To some players, the idea of being the designated hitter sounds great – hit three or four times a day and take it easy the rest of the time. Not a bad gig, if you can get it.
To others, though, it’s an incomplete task. Whenever Joe Torre would give Derek Jeter the famous “half day off” by having him DH, Jeter would make a point to sit right next to Torre on the bench and – for lack of a better word – nag him as much as possible. If Torre ever said anything, Jeter would just point out that he could solve the problem by putting Jeter back in the field.
Now, Nick Johnson is trying to transition into the idea of being a full-time DH. There are, obviously, a lot of upsides to Johnson being the DH, not the least of which being that it would sure seem like there’s a far decreased chance of injury when he’s not in the field. For someone with Johnson’s run of bad luck, that’s not a small thing.
The challenge, though, as it was for Jason Giambi a few years back, is to find a routine between at-bats that a) keeps you loose and warm, while b) not overdoing it. “I’m going to find one,” Johnson said earlier today, and then he mentioned that he tried riding the stationary bike as well as “throwing a few medicine balls” to keep his blood moving. I remember Giambi mentioning once that he’d talked to Don Baylor about the DH routine and said Baylor was a big fan of the stationary bike; Giambi added some dry swings to keep his shoulders loose.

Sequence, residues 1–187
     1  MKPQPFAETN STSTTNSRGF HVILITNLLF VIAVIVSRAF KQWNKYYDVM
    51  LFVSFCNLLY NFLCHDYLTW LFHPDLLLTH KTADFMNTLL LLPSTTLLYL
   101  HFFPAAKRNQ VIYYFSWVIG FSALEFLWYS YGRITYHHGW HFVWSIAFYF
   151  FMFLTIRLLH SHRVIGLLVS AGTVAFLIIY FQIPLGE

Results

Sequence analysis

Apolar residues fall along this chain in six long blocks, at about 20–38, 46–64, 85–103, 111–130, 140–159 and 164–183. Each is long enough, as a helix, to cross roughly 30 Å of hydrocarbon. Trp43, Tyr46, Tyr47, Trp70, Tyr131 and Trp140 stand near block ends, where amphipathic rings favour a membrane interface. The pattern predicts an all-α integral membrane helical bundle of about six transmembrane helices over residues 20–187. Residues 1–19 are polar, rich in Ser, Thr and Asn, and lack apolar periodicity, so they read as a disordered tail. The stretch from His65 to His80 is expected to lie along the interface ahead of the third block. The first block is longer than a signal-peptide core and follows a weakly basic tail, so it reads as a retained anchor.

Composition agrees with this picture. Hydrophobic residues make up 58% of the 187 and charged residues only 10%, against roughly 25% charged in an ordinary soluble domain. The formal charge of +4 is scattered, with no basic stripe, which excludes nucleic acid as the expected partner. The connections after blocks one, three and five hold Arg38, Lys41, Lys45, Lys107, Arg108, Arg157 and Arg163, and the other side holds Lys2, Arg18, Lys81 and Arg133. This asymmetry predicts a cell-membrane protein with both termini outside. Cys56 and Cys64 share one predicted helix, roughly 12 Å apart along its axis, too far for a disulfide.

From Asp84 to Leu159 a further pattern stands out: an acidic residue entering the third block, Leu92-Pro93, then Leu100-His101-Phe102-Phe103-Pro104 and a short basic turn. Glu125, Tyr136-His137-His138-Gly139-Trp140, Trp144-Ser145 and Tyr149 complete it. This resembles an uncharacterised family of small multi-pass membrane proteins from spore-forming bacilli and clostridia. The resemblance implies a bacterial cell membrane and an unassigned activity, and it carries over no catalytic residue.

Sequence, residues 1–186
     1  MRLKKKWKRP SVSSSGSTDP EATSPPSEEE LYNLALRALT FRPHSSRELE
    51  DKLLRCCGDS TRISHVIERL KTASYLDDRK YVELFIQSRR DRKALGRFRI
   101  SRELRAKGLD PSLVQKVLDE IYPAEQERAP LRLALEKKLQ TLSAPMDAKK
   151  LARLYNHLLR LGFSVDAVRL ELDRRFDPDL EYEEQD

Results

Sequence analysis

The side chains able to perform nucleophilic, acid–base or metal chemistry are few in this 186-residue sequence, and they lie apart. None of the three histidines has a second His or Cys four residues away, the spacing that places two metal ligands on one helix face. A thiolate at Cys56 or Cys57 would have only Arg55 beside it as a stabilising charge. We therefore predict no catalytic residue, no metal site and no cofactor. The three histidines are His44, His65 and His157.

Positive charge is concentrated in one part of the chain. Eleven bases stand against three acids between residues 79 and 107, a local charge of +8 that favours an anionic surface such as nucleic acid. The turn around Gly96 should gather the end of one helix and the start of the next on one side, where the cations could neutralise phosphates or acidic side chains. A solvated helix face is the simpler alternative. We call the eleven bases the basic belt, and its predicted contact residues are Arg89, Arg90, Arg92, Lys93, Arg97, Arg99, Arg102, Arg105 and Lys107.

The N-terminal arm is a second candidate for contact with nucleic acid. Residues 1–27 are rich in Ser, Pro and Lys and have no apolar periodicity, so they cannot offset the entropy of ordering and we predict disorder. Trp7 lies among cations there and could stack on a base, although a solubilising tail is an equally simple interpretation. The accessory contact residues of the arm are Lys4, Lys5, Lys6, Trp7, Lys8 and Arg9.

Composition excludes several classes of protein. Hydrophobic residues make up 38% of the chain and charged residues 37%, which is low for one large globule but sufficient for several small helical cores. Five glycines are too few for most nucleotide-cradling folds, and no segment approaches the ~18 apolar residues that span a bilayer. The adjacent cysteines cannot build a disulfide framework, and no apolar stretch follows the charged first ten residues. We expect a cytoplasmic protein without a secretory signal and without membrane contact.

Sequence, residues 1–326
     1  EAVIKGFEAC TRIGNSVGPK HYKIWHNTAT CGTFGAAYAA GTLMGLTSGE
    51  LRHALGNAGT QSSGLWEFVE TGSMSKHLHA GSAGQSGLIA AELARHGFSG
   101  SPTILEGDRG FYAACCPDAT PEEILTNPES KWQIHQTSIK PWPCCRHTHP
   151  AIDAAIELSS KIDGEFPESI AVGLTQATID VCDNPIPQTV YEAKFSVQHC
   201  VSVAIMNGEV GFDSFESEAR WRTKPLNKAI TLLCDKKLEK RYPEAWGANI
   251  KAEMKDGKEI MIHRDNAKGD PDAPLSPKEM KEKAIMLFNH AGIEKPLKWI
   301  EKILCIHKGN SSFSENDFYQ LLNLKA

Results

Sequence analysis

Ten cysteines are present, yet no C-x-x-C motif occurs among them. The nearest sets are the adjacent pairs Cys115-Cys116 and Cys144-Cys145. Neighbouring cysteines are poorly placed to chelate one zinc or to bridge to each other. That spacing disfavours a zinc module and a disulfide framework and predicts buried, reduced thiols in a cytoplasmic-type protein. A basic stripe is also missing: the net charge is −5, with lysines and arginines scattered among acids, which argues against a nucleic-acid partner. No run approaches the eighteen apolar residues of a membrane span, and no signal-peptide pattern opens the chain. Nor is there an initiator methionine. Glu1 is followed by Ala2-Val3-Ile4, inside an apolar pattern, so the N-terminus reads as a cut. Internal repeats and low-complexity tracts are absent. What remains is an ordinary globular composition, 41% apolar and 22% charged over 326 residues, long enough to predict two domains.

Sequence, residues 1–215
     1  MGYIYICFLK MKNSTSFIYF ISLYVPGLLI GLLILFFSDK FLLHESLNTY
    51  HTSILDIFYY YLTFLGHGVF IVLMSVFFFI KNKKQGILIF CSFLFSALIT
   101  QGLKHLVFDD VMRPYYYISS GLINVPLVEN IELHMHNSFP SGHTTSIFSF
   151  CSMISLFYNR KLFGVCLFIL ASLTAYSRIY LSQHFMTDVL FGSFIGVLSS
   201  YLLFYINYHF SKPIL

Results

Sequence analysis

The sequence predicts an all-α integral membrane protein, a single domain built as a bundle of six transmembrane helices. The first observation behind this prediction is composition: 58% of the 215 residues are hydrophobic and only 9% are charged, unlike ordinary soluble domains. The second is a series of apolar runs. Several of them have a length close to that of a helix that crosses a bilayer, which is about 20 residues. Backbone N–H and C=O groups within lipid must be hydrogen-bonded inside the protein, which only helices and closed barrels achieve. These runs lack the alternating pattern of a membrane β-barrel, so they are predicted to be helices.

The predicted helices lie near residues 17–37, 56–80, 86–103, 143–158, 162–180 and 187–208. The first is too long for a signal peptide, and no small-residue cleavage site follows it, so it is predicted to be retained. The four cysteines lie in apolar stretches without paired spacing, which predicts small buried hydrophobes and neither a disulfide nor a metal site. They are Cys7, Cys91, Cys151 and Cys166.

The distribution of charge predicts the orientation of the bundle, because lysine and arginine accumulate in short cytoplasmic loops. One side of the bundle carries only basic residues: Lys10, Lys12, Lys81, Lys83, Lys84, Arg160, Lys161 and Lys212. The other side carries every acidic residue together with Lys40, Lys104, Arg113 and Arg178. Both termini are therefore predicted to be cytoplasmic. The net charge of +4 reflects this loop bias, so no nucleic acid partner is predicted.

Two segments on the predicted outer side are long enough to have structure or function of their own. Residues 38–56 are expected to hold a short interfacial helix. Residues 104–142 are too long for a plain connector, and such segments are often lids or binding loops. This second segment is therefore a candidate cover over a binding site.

Joe Girardi said he can’t offer many suggestions about DH routines, but expects Kevin Long to help Johnson figure out what works. They’ll also give Johnson plenty of chances to try things out this spring. “We want to DH him a lot of days in spring training, as opposed to playing him at first – we want him to get used to it,” Girardi said. “He knows how to do the first base thing.”